Updated SPDs incorporating all prior amendments must be provided to eligible participants and beneficiaries at least every five years. (Participants and beneficiaries should be informed of material interim amendments through the issuance of a “summary of material modifications” or “SMM.”) If a plan hasn’t been amended at all (likely a fairly rare occurrence), a new SPD is required every 10 years.

Trending SPD Practices

Easily Readable SPDs Can Benefit Participants (And You). Although SPDs should be easily understood by average plan participants, as plans become more complex, this requirement has become increasingly difficult to satisfy. In a 2006 study, University of Nebraska-Lincoln researchers reviewed and tested the SPDs of 40 different health care plans.[2] They found that, on average, the readability level of important plan information included in the SPDs was higher than that recommended for technical material – and too high for most participants.

If your participants don’t understand the information contained in their SPDs, they may make unsound, and potentially costly, benefits decisions. To determine whether your SPDs have readability issues, you should re-read the SPDs from a participant’s viewpoint, asking questions like:

  • Are answers to common participant questions easy to find and, once located, understandable to average participants?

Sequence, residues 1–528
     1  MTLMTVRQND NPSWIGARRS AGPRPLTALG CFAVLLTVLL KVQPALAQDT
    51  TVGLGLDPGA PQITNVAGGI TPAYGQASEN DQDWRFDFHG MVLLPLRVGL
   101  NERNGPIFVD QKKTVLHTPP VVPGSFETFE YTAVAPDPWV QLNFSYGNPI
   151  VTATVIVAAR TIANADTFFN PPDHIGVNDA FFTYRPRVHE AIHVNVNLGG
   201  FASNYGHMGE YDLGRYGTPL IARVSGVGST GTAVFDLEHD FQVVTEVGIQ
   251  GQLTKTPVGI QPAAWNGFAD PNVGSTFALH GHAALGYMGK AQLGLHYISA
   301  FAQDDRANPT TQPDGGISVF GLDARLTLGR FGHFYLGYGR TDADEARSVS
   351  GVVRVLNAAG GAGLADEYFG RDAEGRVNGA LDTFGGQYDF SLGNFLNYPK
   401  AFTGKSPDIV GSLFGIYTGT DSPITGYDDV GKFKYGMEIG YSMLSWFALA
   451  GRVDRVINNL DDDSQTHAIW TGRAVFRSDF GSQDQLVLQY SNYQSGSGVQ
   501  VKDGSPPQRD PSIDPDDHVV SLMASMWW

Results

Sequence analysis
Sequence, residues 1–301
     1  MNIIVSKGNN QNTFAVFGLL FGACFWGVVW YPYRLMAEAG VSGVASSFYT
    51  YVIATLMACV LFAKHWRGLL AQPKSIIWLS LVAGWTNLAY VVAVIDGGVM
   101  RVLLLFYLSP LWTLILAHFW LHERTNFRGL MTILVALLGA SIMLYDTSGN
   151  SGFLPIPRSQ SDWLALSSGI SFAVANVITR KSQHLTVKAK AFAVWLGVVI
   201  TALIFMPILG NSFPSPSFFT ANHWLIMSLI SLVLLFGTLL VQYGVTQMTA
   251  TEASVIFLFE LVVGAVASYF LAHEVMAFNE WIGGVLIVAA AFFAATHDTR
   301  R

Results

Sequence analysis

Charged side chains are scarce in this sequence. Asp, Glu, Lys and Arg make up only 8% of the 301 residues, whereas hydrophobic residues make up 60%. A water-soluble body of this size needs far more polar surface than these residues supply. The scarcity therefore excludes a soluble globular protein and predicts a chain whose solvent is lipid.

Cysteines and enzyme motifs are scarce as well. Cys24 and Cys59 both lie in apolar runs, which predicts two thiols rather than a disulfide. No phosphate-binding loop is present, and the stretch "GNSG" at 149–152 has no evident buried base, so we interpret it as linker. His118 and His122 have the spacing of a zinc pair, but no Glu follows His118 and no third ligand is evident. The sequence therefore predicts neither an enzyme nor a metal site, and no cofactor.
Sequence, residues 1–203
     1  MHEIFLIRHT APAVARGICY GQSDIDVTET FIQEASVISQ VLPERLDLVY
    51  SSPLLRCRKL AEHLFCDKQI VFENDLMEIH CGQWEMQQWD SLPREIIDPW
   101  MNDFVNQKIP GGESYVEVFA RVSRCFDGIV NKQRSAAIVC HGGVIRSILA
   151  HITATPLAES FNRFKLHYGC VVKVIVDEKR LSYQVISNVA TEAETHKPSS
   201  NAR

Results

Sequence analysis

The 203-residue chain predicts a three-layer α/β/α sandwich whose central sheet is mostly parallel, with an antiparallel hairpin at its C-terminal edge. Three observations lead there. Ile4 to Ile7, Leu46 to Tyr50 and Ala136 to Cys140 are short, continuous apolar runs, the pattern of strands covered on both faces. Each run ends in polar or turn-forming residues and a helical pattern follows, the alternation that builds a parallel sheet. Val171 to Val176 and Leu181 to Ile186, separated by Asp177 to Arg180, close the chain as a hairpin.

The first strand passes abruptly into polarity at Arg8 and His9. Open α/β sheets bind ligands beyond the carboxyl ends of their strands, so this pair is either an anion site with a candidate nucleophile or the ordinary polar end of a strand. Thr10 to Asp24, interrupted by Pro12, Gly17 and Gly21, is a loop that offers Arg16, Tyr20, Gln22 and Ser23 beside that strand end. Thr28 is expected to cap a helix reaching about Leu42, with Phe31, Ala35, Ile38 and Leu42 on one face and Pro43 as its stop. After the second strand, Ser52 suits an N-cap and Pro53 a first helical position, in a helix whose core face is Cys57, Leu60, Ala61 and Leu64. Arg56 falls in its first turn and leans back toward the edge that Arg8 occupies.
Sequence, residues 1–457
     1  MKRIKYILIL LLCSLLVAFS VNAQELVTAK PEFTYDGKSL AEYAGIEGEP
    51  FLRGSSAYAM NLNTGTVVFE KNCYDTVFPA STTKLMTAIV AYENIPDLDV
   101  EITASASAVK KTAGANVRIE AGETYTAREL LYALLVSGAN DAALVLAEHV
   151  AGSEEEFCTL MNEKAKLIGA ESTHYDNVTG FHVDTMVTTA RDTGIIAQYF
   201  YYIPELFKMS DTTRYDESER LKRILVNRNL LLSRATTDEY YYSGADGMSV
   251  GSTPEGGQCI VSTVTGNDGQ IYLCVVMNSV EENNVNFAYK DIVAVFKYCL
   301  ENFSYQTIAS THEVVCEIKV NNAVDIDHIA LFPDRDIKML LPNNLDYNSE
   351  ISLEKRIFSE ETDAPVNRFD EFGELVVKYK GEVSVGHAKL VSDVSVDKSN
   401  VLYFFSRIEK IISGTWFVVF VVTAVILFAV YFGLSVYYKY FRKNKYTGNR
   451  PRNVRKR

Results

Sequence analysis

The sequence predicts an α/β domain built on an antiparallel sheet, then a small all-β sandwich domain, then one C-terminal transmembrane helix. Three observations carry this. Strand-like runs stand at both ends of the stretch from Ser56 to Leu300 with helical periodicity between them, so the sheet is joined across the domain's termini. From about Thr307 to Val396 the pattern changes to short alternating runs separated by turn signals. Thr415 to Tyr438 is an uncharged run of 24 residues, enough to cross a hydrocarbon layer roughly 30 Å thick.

• Would removing “legalese” and technical jargon, adding examples and/or a glossary, revamping the SPD’s formatting, etc., increase the SPD’s readability?[3]
  • If a significant number of non-English speaking employees are eligible to participate in the plan, should the SPD inform those employees that they can request a copy in their own language (even if such a statement wouldn’t be required by ERISA based on the number of affected employees)?[4]

The more readable the SPD, the better participants will understand the plan’s terms. Better-informed participants make better plan-related decisions (and will have fewer complaints and problems you must address).

SPDs as a Tool for Furthering Diversity & Inclusion Efforts. Several clients have recently asked us to review their SPDs to remove references to “gendered” pronouns (i.e., “he,” “she,” etc.), making the documents more gender-neutral and inclusive. We primarily replaced those pronouns with references to the “participant” or “employee,” as required by context. However, as language and writing (even legal writing!) evolve, it’s also becoming more acceptable to use the singular “they” to refer to an individual participant or employee.

These employers’ efforts were apparently part of the larger societal trend to promote diversity and inclusion in all settings. As noted in a recent ABA Journal article, “[w]ords matter, and they reflect the mindset of their drafter.” Thus, employees may view an employer’s efforts to craft gender-neutral SPDs (and other plan-related documents) as evidence of the employer’s commitment to creating and maintaining a diverse and inclusive workplace. As you review your SPDs for readability, you may also want to consider whether it makes sense to update them for gender neutrality and inclusiveness at the same time.